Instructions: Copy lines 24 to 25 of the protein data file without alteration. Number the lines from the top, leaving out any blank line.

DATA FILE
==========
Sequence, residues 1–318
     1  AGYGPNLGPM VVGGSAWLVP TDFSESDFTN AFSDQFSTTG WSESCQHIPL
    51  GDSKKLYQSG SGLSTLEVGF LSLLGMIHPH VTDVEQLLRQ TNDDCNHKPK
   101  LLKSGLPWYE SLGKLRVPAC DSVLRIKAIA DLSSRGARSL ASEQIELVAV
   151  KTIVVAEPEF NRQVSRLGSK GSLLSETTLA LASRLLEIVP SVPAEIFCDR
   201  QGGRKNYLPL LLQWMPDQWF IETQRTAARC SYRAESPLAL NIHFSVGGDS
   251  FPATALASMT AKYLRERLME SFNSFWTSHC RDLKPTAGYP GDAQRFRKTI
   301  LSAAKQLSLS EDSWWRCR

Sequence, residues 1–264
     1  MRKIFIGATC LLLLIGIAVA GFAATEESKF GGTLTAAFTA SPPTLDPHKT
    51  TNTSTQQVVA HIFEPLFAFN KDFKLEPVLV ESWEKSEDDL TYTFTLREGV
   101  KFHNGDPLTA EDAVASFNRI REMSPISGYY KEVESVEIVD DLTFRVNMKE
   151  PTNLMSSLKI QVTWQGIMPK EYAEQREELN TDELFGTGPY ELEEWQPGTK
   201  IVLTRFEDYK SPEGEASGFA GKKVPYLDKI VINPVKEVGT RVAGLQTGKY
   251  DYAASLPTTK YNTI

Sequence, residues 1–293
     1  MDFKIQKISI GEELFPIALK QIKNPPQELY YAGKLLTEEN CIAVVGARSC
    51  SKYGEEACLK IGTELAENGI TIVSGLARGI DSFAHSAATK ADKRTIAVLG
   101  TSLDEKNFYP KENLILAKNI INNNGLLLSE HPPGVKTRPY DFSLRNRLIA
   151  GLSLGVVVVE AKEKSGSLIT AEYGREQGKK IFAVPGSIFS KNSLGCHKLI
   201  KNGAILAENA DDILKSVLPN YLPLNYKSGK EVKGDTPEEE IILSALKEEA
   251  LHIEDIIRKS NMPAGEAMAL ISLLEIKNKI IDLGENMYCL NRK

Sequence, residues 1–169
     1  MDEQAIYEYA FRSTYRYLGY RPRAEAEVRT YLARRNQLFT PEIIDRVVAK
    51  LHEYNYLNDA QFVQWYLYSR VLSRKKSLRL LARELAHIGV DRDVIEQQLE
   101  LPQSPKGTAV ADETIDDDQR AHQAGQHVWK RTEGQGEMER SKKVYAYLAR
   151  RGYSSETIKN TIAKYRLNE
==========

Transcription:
     1  MDEQAIYEYA FRSTYRYLGY RPRAEAEVRT YLARRNQLFT PEIIDRVVAK
    51  LHEYNYLNDA QFVQWYLYSR VLSRKKSLRL LARELAHIGV DRDVIEQQLE